Older workers delay retirement, retirees seek work

"The elderly may, in fact, be cheaper than teeny boppers" because they require less training, seek part-time work and will accept lower wages.

Robert Dobkin 88 248 (photo credit: )
Robert Dobkin 88 248
(photo credit: )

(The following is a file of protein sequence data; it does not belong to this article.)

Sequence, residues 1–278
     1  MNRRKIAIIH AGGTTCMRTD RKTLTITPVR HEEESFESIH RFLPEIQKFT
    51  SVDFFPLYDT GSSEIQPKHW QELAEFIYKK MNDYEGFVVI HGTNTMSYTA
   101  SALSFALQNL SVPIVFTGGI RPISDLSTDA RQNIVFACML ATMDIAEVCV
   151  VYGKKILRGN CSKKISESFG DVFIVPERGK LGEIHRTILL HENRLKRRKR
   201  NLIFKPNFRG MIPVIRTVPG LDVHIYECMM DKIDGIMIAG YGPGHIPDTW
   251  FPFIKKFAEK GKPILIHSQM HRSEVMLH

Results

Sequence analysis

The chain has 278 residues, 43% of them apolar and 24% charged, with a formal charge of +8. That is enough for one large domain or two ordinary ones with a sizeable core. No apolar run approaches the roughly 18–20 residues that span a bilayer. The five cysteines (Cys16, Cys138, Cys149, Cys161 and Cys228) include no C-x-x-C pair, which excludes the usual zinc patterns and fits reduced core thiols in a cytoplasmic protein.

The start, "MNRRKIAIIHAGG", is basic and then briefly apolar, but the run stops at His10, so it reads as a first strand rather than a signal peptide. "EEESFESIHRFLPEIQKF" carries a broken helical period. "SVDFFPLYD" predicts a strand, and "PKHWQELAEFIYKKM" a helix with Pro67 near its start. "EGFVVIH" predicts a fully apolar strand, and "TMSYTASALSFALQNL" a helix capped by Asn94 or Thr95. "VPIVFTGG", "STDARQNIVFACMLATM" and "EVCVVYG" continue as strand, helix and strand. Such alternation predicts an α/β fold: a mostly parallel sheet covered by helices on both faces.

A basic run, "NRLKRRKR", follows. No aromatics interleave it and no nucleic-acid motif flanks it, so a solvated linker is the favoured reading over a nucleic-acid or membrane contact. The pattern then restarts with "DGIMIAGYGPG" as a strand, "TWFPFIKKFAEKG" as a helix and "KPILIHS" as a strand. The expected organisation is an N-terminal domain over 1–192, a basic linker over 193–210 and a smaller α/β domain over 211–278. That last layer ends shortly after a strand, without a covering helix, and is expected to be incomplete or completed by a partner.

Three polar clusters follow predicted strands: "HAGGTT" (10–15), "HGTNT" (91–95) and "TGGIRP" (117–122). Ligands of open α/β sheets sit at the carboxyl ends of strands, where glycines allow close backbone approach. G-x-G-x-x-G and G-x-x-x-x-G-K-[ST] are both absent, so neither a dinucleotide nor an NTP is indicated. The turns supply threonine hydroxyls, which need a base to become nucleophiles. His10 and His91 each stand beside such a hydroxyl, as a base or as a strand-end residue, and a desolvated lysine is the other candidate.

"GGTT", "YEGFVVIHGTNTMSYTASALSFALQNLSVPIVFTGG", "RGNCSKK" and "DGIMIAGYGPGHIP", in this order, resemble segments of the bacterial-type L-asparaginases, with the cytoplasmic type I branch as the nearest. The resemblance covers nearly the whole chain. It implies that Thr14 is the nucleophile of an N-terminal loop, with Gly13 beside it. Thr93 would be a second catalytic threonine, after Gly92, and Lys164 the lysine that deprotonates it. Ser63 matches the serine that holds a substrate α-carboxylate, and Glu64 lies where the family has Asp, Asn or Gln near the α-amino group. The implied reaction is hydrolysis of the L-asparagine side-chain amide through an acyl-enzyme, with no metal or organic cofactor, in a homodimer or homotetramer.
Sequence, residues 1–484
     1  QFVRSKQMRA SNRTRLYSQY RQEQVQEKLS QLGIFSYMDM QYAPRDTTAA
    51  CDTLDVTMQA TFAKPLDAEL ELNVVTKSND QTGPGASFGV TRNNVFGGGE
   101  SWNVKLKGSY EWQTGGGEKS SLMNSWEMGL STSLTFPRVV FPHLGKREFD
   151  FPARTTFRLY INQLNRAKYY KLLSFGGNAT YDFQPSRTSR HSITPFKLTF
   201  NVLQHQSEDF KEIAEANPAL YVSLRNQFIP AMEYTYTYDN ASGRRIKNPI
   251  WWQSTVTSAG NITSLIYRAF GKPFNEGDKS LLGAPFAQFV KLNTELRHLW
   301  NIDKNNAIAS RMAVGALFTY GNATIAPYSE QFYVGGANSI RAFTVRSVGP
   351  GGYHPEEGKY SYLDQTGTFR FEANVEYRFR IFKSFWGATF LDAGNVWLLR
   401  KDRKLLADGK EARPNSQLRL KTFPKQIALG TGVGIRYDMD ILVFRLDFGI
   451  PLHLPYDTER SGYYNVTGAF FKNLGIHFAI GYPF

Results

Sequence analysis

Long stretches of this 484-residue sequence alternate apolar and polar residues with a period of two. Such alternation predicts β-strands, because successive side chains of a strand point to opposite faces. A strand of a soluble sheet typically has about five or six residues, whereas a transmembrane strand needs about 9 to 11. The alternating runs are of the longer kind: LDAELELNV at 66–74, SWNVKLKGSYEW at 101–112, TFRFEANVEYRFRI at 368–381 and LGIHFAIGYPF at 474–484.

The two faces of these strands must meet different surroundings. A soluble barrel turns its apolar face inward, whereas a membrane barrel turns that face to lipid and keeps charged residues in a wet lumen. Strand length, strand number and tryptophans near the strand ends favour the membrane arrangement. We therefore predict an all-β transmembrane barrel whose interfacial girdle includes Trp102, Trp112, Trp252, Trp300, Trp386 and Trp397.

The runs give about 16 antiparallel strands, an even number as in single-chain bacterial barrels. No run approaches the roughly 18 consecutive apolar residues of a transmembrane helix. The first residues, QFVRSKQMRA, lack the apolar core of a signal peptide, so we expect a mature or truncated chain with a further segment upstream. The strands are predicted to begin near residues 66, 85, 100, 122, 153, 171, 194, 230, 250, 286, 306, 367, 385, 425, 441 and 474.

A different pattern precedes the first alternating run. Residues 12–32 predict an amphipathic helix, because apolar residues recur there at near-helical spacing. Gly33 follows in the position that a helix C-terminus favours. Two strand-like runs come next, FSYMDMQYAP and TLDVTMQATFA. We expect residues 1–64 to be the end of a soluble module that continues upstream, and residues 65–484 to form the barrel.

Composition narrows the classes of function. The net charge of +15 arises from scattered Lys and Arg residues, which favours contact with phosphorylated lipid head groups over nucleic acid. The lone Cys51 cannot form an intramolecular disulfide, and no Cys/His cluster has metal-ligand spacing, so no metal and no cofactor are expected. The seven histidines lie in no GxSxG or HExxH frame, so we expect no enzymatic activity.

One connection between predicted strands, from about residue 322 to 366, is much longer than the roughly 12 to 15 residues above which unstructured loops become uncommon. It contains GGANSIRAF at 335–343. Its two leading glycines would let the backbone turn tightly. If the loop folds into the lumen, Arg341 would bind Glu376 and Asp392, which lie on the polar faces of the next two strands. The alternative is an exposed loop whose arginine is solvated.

In these scary economic times, older workers are putting off their retirement and hanging on to a paycheck. Some retirees struggling to make ends meet are scanning help-wanted ads for the first time in years. Two weeks ago, Jeff Rollison, a 60-year-old employee at the General Motors Corp.'s plant in Lordstown, Ohio, told the automaker he was retiring. Now, he's changed his mind. Rollison is worried that something could happen to his retiree health benefits before he would become eligible for Medicare at age 65. Medicare is the government's health-insurance program for the elderly. Rollison is the sole breadwinner for him and his wife. But he also is concerned about his grown children, including a son with three kids who is being laid off at a neighboring GM plant. "If something would happen with General Motors and our health care would go away, which has happened to a lot of companies here, I would have to wait five more years to be Medicare-age," said Rollison, a member of United Auto Workers Local 1112. "There's a lot of uncharted waters out there, and we have questions that can't be answered by anybody right now on how well the company will do in the short term." A survey by the seniors' advocacy group AARP of 1,100 people conducted in December showed that 16 percent of people 45 and older had postponed retirement because of the economic downturn. But the percentage of people planning to delay retirement shot up to 57% among respondents who were working or looking for a job and had lost money in the market during the past year. Robert Dobkin's last day on the job as spokesman for Pepco, a utility company in the District of Columbia and Maryland, was supposed to be April 1. Now, it's delayed indefinitely. "I felt that I was in a good position to retire until the market kept going down and down and the economy ground to a halt," said Dobkin, 67. "I just figured there's no point in retiring in this time of uncertainty until I have a better feel for where the economy is going." The average retirement age, which was between 62 and 63 for men and women last year, is on the rise, according to the AARP Public Policy Institute. For instance, the percentage of 63-year-old men who were in the work force rose from 44% in 2000 to 51% in 2007, according to the institute. The recession is not the only reason people are working longer. Life-expectancy rates are going up. So, too, is the age at which workers are entitled to receive full Social Security benefits. Mark Lassiter, a spokesman at the Social Security Administration, said that while some older people stay on the job during economic downturns, others turn to Social Security because their jobs are eliminated. The agency reported a nearly 9% increase in retirement claims between the 2008 budget year and 2009, which ended September 30. An increase was expected because baby boomers are starting to retire, but the jump was higher than anticipated because of the recession, he said. Some companies are looking to cut costs and keep younger, less-expensive workers. Yet some businesses are happy to keep experienced workers. "Experienced workers produce more per hour with less supervision than youngins'," said William Dunkelberg, chief economist for the National Federation of Independent Business and an economics professor at Temple University. "The elderly may, in fact, be cheaper than teeny boppers" because they require less training, seek part-time work and will accept lower wages. Currently, about 17% of the workforce is 65 or older - a share on the rise since the late 1990s. At 74, Beverly London of Big Run, Pennsylvania, thought her days of working were over. She and her husband sold to their son the family retail carpet store they operate in their rural community and settled into retirement. They felt secure with thousands of dollars of stock in a bank. But the bank failed and the value of their stock shrank from six to four figures. "We were thinking about winter and I was worried about how I was going to keep my house warm. I had to start putting resumes in," London said, recounting how a younger worker got one retail job she applied for. Nationwide, the February unemployment rate for workers 65 and older was 6.8%, the highest reported for the group since the 1970s. London eventually found a job through Experience Works, a national nonprofit organization that receives money from the Senior Community Service Employment Program, a Labor Department program. The $787 billion economic stimulus package that President Barack Obama signed includes $120 million in additional money for the program, which provides subsidized, part-time community-service jobs to low-income workers 55 and older. London works part time at Pennsylvania CareerLink, a state unemployment office in nearby Punxsutawney, Pennsylvania. She is happy and healthy, but knows her work days are numbered. "I'm trying not to dwell on the future because right now. I'm just glad I can write a check for the $400 gas bill," she said. "We'll never be able to build up a nest egg again. We didn't have a fancy life, but we took a golf vacation one week out of the year. There's no golf vacations anymore." Darnell Holopirek, 62, of Great Bend, Kansas, and her husband are postponing retirement in hopes the economy will turn around. Part of their decision is personal. They don't have enough funds to retire. But she also is motivated as director of institutional advancement at Barton Community College Foundation to stay on the job and help the school as the recession hits its investments and donations. "It's a little bit scary to us when we see people who have retired now looking to having to go back to work," she said. "We sure don't want that to happen to us. We'd rather keep the good jobs that we have that we're happy with, rather than retiring and then in a year or so, finding out that we just can't stay retired." When Randall Gainforth, 55, of Tampa, Florida, retired from his county job in September 2007 after 33 years as a children and family mental-health counselor, he took his $130,000 in retirement savings and put it in stocks. He figured that with the help of a broker, he could make more than the 3% to 4% he was guaranteed by the Florida state retirement system. Today, that account is worth only about half, and the mental-health work he started doing in semiretirement is drying up. Gainforth is looking for a job in the medical industry. "I need to work until that money gets built back up," he said. He's hardly alone. The net worth of US households fell by 9% over the last three months in 2008. It was the biggest quarterly decline since record keeping began in 1951. "I think most people are scared to death, first of all, about the prospects for the market," said Kelly Campbell, a financial adviser and principal of Campbell Wealth Management in Fairfax, Virginia. "They feel they've been let down by the market, by their broker and/or by the their government. They're paralyzed right now because they don't know what to do."